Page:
Contact regions 166 and 167 are formed in first region 16, and contact regions 196 and 197 are formed in second region 19. For example, contact regions 166 and 196 comprise highly doped p-type regions formed using boron ion implantation and conventional masking techniques. Contact regions 167 and 197 comprise highly doped n-type regions formed using arsenic or phosphorous ion implantation and conventional masking techniques. Alternatively, and as will be explained in more detail below, contact regions 166 and 196 are formed using a p-type polycrystalline semiconductor layer as a diffusion source, and contact regions 167 and 197 are formed using an n-type polycrystalline semiconductor layer as a diffusion source.

In a preferred embodiment suitable for greater than 20 kV ESD protection, second region 19 preferably comprises three rings of p-type contact regions 196 with an n-type contact ring 197 interposed between a pair of p-type contact regions 196. Additionally, first region 16 preferably comprises two rings of p-type contact regions 166 with an n-type contact ring 167 interposed in between. More or less contact regions may be used.

In addition, it is preferred that the area of first and second regions 16 and 19 at the interface (i.e., junction) of these regions with buried layer 26 be substantially equal. It is further preferred that the area of first and second regions 16 and 19 should be approximately 20,000 square microns each for a greater than 20 kV ESD device. For a greater than 15 kV ESD device, the area preferably is approximately 15,000 square microns. This relationship is scalable for other voltages as well. That is, if X corresponds to the desired ESD level in volts, then both first region 16 and second region 19 have an area at the interface with buried layer 26 substantially equal to X square microns.

By way of example, p-type contact regions 166 and 196 are formed with a boron implant dose in a range from about 1.01015 to about 5.01015 atoms/cm2, and n-type contact regions 167 and 197 are formed with an arsenic implant dose in a range from about 1.01016 to about 2.01016 atoms/cm2. Preferably, the areas of contact regions 166, 196, 167 and 197 are selected so that the contact regions support approximately an equal amount of carriers (i.e., holes and electrons) when one junction is under forward bias and the other junction is in avalanche. This provides, among other things, a lower on-resistance because transport current is supported in regions 16 and 19 due to the presence of regions 167 and 197 respectively. More particularly, regions 167 and 197 support or enable minority carrier transport current in structure 10. Without such regions, minority carrier current would become recombination current, which would slow down structure 10. Since avalanche conditions produce an equal number of holes and electrons, it is important that the dopant concentrations and areas (i.e., resistances) of regions 166, 167, 196 and 197 support a substantially equal number of carriers during a positive or negative ESD trigger event.

Additionally, the ESD trigger voltage of device 10 is the avalanche voltage of one diode plus the VBE of the other diode depending upon whether the trigger event is positive or negative. Since the avalanche temperature coefficient is positive and VBE temperature coefficient is negative the variation of the ESD trigger voltage over temperature is compensated, which provides device 10 with enhanced temperature compensation or stability. Also, because the trigger voltage is determined by the avalanche and VBE voltages, structure 10 is less susceptible to process variations and is thus more stable compared to other ESD structures.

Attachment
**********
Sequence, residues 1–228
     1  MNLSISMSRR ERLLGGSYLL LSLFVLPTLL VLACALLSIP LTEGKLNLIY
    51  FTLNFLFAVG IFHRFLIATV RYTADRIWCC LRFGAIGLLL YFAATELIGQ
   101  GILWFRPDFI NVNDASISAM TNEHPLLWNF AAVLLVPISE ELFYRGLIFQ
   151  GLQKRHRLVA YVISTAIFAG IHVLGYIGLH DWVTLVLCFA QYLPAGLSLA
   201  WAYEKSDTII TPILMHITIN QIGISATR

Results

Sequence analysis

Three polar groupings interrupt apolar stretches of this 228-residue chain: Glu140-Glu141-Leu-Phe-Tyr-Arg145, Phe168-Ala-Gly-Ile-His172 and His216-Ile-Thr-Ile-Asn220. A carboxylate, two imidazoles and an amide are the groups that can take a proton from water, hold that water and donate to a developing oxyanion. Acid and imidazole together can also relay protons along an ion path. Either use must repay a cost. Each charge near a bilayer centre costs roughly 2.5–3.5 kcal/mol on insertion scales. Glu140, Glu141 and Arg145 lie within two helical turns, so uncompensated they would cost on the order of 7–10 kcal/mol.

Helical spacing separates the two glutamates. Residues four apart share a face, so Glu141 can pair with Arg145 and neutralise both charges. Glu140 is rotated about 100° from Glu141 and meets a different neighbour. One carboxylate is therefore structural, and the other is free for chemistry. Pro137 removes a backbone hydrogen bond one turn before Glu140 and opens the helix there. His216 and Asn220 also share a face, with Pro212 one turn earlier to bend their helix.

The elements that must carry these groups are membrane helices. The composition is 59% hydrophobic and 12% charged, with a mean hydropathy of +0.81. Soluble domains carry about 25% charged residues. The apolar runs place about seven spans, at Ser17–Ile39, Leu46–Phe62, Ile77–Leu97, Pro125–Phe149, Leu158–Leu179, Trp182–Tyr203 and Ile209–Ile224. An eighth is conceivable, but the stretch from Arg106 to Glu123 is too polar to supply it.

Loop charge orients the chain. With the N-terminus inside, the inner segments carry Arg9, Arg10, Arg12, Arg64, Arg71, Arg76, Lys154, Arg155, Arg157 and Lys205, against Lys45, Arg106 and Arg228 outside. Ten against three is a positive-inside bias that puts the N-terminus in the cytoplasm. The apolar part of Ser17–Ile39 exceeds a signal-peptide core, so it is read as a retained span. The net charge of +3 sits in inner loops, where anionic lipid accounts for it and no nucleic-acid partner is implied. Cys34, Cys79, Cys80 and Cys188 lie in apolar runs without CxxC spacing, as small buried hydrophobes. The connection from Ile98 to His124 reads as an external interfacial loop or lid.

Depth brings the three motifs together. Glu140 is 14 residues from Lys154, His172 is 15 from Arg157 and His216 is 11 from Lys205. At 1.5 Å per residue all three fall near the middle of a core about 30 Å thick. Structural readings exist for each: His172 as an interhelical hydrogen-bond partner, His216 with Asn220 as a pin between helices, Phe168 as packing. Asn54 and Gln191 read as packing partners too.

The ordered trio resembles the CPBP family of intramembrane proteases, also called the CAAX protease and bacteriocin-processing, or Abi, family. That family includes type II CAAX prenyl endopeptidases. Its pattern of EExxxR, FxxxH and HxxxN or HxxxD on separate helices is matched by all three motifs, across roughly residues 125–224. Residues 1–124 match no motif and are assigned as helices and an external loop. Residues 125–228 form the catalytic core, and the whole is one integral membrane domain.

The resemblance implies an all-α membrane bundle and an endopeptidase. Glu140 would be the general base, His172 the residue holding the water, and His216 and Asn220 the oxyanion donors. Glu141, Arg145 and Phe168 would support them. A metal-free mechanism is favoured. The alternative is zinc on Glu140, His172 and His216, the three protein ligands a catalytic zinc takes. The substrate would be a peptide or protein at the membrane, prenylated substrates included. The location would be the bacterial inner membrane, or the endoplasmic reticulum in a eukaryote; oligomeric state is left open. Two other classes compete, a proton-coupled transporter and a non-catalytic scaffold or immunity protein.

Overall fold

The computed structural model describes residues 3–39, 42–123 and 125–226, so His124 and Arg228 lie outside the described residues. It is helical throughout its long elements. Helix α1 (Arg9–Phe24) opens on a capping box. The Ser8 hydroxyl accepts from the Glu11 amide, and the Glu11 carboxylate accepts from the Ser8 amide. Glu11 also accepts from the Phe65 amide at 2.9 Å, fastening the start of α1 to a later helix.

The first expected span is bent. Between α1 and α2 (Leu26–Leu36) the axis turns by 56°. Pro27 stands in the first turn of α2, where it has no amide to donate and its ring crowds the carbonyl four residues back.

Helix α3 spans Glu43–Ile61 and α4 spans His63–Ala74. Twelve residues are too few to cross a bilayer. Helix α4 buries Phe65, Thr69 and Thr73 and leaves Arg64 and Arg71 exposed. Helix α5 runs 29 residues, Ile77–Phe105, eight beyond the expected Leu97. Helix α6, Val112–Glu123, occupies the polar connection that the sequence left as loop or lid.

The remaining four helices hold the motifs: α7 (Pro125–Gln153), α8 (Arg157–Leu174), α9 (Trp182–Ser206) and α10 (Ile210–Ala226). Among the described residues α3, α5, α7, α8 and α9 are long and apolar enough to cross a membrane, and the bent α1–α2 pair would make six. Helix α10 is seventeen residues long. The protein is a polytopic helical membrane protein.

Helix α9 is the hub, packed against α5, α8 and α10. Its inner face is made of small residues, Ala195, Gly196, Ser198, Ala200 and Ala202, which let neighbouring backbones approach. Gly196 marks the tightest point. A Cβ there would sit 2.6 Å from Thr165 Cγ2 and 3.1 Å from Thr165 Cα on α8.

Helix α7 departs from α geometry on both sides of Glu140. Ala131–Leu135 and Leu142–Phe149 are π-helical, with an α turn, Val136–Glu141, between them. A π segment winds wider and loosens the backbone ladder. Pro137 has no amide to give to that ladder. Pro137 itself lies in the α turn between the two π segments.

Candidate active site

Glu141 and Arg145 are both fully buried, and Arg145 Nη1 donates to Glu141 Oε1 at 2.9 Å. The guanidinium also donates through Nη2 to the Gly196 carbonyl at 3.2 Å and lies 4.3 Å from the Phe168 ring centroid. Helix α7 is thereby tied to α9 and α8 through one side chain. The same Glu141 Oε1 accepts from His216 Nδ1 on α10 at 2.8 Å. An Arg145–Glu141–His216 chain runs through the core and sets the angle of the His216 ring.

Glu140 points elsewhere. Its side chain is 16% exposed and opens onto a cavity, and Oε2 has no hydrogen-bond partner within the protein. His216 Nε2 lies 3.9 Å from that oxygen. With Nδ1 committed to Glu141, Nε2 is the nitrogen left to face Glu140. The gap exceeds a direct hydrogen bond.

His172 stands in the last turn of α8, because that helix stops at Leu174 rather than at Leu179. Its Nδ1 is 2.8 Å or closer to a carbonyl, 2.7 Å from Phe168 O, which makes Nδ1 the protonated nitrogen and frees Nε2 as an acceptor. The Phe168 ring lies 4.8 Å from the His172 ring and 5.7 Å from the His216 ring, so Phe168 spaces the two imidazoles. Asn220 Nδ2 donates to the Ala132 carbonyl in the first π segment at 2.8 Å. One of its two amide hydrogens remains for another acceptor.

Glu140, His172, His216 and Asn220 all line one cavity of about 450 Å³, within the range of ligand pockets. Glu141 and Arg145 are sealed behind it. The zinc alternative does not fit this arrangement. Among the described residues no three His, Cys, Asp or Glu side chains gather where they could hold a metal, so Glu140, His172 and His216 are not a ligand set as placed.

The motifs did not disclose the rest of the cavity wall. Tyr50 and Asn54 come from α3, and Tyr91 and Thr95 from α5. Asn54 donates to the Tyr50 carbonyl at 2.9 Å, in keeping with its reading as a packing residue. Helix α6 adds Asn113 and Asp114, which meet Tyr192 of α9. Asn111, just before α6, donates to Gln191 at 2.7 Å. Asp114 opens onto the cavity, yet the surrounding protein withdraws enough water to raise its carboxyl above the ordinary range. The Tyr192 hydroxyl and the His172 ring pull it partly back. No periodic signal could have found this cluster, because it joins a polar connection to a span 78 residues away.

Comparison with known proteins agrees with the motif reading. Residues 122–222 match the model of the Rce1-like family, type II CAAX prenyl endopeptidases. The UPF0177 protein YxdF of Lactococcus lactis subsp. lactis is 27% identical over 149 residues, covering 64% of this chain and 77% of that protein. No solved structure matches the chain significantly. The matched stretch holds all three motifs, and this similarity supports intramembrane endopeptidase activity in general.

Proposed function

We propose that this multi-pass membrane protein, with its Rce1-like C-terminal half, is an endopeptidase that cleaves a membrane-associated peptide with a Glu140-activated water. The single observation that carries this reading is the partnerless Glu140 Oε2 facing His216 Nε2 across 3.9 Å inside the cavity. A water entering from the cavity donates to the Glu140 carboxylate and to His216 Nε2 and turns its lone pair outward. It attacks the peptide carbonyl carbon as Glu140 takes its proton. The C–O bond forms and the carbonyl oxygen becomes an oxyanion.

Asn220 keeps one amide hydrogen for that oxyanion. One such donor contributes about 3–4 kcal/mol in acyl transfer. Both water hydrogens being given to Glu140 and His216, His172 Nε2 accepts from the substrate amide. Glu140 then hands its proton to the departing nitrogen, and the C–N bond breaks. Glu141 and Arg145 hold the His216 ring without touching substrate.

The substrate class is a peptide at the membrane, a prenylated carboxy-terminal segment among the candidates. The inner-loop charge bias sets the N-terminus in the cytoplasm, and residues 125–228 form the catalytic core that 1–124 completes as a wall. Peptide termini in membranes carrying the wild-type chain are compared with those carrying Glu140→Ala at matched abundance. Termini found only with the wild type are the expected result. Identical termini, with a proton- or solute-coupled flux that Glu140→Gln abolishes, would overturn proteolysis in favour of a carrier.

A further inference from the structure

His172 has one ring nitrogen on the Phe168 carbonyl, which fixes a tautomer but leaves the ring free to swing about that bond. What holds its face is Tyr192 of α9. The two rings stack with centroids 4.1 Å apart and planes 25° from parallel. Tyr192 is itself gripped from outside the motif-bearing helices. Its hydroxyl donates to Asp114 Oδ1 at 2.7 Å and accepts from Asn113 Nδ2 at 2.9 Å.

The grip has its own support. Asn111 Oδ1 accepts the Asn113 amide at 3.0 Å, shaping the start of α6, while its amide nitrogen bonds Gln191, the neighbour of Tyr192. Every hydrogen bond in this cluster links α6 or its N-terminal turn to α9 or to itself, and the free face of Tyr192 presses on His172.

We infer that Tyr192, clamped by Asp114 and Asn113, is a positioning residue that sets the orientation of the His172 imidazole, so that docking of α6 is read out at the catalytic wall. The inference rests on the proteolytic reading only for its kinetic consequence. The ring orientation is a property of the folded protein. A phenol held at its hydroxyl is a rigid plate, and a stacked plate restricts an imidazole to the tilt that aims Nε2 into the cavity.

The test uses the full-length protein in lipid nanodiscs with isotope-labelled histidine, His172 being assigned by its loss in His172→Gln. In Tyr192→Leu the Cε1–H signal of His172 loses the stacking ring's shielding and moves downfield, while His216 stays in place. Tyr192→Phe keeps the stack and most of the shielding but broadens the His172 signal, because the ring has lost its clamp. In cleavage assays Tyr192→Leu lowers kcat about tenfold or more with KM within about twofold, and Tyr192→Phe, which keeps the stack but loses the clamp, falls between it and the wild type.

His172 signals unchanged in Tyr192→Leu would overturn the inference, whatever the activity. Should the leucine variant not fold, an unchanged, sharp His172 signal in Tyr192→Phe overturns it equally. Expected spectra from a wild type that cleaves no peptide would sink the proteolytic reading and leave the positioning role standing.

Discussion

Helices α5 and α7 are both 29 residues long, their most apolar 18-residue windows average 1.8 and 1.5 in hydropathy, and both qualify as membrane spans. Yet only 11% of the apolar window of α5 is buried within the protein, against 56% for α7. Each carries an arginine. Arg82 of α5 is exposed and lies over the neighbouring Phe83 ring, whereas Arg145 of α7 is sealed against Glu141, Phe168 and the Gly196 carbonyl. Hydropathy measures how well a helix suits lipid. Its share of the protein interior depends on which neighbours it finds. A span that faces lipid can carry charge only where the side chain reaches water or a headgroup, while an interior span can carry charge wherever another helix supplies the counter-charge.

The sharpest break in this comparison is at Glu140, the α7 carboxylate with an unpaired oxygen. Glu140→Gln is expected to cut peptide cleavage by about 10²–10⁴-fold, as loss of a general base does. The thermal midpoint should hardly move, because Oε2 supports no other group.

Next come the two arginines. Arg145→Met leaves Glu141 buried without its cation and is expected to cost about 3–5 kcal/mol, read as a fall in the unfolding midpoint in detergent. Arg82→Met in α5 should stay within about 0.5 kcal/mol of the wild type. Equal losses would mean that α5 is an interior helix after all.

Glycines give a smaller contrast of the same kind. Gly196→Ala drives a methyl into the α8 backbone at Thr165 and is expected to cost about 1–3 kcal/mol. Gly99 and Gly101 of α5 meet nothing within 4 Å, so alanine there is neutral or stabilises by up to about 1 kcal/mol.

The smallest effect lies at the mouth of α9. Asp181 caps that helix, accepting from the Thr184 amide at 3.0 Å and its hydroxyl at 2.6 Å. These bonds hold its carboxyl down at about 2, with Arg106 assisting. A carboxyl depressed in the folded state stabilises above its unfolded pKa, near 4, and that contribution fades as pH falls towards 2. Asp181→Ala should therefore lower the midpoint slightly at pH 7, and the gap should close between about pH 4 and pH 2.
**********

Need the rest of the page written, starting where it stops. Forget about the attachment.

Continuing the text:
In a preferred embodiment, the peripheral or diffused areas of regions 166 and 196 are about twice that of the peripheral areas of regions 167 and 197. That is, the peripheral area ratios of 166/167 and 196/197 are preferably about 2:1 to provide structure 10 with a more optimum current flow capability. In other words, the resistance of regions 167 and 197 is about twice the resistance of regions 166 and 196.

Structure 10 further includes a dielectric layer or interlayer dielectric (ILD) layer 71, which comprises, for example, an oxide, a nitride, or combinations thereof. In a preferred embodiment, dielectric layer 71 comprises a silicon nitride layer about 300 to 600 angstroms thick overlying a silicon oxide layer of about 500 to 700 angstroms thick. Conventional photolithographic techniques are used to pattern ILD layer 71 to form contact openings over first and second regions 16 and 19. A first contact structure 41 is formed over or on substrate 23, and is coupled to first region 16 through contact regions 166 and 167. A second contact structure 43 is formed over or on substrate 23, and is coupled to second region 19 through regions 196 and 197.

In a bipolar integrated circuit flow, first and second contact structures 41 and 43 comprise, for example, a first polycrystalline semiconductor (e.g., polysilicon) layer 72 of the first conductivity type above, adjacent, or overlying contact regions 166 and 196, and a second polycrystalline semiconductor layer (e.g., polysilicon) 76 of the second conductivity type, above, adjacent, or overlying contact regions 167 and 197. Optional dielectric spacers 74 separate polysilicon layers 72 and 76. Preferably, contact structures 41 and 43 include additional conductive layers, which will be described in more detail below. Contact structure 41 shorts contact regions 166 and 167 together, and contact structure 43 shorts contact regions 196 and 197 together to effectively short the pn junctions formed by the contact regions at the surface of device 10. A vertical bipolar transistor is formed by regions 167, 16 and 26. Transistor regions 167 and 16 are shorted through region 166 by contact structure 41. Likewise, a vertical bipolar transistor is formed by regions 197, 19 and 26. Transistor regions 197 and 19 are shorted through region 196 by contact structure 43. This feature provides, among other things, a reduced parasitic capacitance associated with reduced minority carrier storage. Additionally, this feature enables a more ideal avalanche characteristic during operation.